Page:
food grade silicone: what is it and why is it better than plastic?

food grade silicone

sure, plastic is convenient and easy to use, but there’s no question that it’s toxic to the environment and our bodies. every day, 20 million plastic bags go to landfill in the U.S and it takes over 500 years for each of those bags to break down. There is a solution in stasher, the world’s first and only plastic-free storage bag, which is made out of pure platinum, food grade silicone.

Plastic that doesn’t end up in a landfill often ends up in the ocean and enters the food chain which is a big concern for human health. the harsh chemicals and toxins found in plastic can lead to cancer, infertility, immune disorders and more.

fortunately, you now have a healthier option: food grade silicone is a more flexible, sustainable, and safer alternative to plastic, so it’s safe for people and the planet. unique by design, stasher is engineered to get people to rethink the plastic in their lives. no other silicone bag delivers airtight performance and self-sealing convenience.Continue Reading →

weekly detox: living a non toxic life – 3.18.17

In order to live a more eco-friendly, plastic-free and/or green lifestyle, you need to be armed with all of the facts and information. In this week’s weekly detox we’re sharing the latest plastic-related news and tips for going green in all aspects of your life. And in case you haven’t done so already, you can still take the #plasticfree2017 pledge! You’ll save 20% on your next order at just for signing up!

here’s your weekly detox for 3.17.17:Continue Reading →

Weekly Detox: Living a Non Toxic Life – 3.10.17

photo: nutrition stripped

In this week’s detox, we’re focusing on food since eating healthy isn’t just increasing the amount of fruits and vegetables you eat. Often times those fruits and vegetables can contain pesticides, meat contains added hormones, and pre-packaged foods contain additives. To the naked eye, these foods might seem healthy, but in reality they could be depleted of all of their nutrients and harmful to both the environment and the food chain.

here’s your weekly detox for 3.10.17:Continue Reading →

Weekly Detox – 2.4.17

We were blown away by the 2,000+ entries to our #plasticfree2017 giveaway earlier this week! We love hearing about how all of you are taking steps to reduce the amount of plastic you use this year. Keep the comments and questions coming!

And if you haven’t already, make sure to take our plastic-free 2017 pledge! once you’ve signed up to take the pledge, we’ll email you an exclusive discount code to use at to jumpstart your plastic-free 2017!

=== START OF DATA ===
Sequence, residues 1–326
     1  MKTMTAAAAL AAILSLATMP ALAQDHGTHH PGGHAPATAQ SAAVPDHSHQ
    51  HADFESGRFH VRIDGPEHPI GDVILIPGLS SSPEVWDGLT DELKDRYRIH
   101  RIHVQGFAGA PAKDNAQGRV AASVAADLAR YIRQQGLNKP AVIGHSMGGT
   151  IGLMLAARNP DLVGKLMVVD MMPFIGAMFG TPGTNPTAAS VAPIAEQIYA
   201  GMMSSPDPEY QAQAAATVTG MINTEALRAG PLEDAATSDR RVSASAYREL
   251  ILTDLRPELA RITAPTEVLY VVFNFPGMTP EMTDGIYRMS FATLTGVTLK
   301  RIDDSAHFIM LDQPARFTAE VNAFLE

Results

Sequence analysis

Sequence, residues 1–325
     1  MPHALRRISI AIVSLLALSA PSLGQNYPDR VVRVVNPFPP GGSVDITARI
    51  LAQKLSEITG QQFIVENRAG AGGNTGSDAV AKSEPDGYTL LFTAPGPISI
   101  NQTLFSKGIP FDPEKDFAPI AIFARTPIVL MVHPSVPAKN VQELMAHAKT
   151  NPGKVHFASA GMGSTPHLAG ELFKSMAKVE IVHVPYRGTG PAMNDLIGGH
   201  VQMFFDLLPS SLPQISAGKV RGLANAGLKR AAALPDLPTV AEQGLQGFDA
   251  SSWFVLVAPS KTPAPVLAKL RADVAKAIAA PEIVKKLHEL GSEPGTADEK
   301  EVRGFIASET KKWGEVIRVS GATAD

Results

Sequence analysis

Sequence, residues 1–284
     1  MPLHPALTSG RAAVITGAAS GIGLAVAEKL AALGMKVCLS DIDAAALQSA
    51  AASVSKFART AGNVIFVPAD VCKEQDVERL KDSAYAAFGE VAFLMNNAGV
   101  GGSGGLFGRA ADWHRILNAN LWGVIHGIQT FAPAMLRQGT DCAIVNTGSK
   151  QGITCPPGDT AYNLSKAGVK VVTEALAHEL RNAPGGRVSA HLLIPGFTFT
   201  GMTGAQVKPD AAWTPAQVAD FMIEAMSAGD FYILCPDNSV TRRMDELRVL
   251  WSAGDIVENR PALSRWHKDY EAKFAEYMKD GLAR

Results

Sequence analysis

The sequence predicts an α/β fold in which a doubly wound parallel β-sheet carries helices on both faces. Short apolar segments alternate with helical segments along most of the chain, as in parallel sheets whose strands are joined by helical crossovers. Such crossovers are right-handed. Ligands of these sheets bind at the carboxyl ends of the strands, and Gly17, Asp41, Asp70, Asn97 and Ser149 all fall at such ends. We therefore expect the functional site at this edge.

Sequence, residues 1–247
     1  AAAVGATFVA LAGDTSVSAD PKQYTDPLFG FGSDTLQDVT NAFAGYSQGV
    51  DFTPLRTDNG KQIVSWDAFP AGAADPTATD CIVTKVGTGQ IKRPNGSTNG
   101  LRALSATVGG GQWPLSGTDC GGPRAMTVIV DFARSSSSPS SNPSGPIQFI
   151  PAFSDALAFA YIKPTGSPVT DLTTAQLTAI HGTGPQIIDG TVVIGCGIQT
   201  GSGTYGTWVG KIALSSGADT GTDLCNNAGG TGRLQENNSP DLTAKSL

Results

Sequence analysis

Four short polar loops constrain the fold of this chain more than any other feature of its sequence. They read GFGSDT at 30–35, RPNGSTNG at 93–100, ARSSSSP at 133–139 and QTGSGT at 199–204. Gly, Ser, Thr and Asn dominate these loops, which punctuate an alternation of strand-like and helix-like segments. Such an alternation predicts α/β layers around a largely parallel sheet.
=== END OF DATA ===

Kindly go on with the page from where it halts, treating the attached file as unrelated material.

here’s your weekly detox for february 4th, 2017:

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Weekly Detox – 1.27.16

Credit: Ian Sane Flickr

Our #plasticfree2017 week-long challenge may be coming to an end, but that doesn’t mean our efforts have to stop! We’ve learned a lot throughout this week and will be sharing everything with you in the coming days. But in the meantime, we’re putting together an epic giveaway with some of our favorite brands that will go live on our Instagram next week. So make sure you’re following us @stasherbag!

And in case you missed it, be sure to check out our plastic recycling guide and our resources page to help you continue living a #Plasticfree2017!

Plastic Recycling Guide

“Recycling is not the solution to our waste problem.”

Americans recycle more than 2.4 billion pounds of plastic each year. Yet 8 million metric tons of plastic enter the ocean each year. Which means that dropping plastics in recycling bins isn’t enough to help reduce plastic waste. Once you put something in the recycling bin, it’s out of your control so what happens to it after it leaves your bin isn’t certain.

Bea Johnson of Zero Waste Home recently gave a TEDx talk titled “Zero Waste is not Recycling More, But Less.” Johnson explained that “recycling requires energy to process, but also lacks regulations to coordinate the efforts of manufacturers, consumers, municipalities, and recyclers across the globe.”

Thus, because recycling depends on too many variables, it’s not an effective or dependable solution for our worldwide plastic waste problem.

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